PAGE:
7. For the appellants the learned Counsel also took exception to a deduction 20% made by the Tribunal towards the loss of dependency. The Tribunal estimated the loss at Rs. 30,000/- but then after having made deductions @20% fixed the same at Rs. 24,000/- only. The estimate, as detailed above, was grossly under evaluated. There was no allegation to fix the life expectency at 60 years only and also to say that the monetary assistance from the deceased to the claimants would have been Rs. 125/-per month only. Upon taking the life expectency at 70 years as is normally done in these cases and on assumption that the deceased would have contributed half of earnings to the maintenance of the appellants, the amount would exceed Rs. 39,000/- in any event.
8. It was also urged for the appellants that interest be awarded at the rate of 9% per annum and in this connection it was argued that some other High Courts have awarded in excess of 6% per annum. The view taken in this Court has, however, been as the appellants' learned Counsel conceded, to award interest at the rate of 6% per annum only as may also be noticed in Suresh Chand Saxena v. Union of India and Anr. (supra) and Mahendra Singh and Smt. Krishna Devi (1979) A.C.J. 299) (supra). The award of interest, therefore, at the rate of 6% per annum only by the Tribunal from the date on which the petition was filed, namely, 22-2-1978 to the date of payment need not be interfered with.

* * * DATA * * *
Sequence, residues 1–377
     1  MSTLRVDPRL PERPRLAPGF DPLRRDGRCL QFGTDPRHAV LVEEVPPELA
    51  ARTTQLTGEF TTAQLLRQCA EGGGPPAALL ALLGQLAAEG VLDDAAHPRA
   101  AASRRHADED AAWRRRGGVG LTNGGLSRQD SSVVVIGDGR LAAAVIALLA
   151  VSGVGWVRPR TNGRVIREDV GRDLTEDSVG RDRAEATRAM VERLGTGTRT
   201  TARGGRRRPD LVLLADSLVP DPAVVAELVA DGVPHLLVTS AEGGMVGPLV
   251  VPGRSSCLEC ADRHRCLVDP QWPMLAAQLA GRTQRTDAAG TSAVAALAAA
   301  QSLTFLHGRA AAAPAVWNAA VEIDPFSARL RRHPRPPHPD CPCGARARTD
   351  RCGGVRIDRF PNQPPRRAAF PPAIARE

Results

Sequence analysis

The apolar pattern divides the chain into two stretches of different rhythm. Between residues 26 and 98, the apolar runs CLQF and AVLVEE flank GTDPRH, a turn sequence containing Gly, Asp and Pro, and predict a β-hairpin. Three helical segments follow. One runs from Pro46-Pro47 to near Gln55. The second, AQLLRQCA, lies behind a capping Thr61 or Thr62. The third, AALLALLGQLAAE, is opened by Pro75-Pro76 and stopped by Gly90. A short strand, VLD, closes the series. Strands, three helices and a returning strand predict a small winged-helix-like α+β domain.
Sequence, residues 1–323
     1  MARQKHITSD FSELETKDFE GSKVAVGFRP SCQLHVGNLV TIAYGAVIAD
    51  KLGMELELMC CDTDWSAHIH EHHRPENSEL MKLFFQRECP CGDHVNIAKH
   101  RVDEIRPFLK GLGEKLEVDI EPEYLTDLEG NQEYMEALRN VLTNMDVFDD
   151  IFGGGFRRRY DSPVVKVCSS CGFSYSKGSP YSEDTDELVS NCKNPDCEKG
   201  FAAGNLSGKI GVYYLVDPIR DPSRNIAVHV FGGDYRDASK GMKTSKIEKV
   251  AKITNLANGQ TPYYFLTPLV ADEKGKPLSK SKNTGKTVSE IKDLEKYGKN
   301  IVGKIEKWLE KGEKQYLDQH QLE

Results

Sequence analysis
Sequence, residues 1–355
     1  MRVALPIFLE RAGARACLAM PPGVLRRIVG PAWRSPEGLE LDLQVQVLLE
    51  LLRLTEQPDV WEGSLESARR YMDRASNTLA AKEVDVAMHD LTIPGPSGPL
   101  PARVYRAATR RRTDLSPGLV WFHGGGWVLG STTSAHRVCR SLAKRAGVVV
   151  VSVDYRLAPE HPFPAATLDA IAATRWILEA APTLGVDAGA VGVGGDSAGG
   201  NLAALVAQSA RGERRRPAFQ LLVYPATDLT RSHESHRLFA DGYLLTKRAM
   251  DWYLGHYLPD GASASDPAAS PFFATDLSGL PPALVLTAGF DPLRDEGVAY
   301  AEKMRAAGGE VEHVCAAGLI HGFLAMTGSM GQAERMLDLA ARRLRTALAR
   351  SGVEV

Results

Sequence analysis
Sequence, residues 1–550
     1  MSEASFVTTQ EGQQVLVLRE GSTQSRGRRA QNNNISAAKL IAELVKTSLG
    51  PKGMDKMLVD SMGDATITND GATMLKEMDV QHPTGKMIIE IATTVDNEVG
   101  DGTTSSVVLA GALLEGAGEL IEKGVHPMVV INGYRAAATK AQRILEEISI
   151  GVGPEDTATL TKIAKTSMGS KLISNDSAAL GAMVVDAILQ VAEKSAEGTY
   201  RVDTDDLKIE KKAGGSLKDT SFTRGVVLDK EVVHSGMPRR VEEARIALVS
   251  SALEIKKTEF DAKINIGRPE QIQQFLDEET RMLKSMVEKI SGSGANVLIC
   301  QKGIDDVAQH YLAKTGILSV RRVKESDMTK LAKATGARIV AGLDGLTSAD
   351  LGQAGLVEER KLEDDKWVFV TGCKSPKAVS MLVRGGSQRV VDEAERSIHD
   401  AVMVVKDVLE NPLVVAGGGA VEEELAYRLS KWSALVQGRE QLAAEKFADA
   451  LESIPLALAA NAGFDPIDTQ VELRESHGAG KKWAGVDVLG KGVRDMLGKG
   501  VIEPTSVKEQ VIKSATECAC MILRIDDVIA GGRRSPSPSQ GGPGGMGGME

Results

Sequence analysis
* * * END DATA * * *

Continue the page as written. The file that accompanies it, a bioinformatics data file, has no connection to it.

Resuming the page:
9. The Appeal succeeds accordingly and is allowed with costs. The appellants shall be paid Rs. 15,000/-in addition to Rs. 30,000/- awarded by the Tribunal with interest at the rate of 6% per annum calculated from February 22, 1978 till the date of the payment.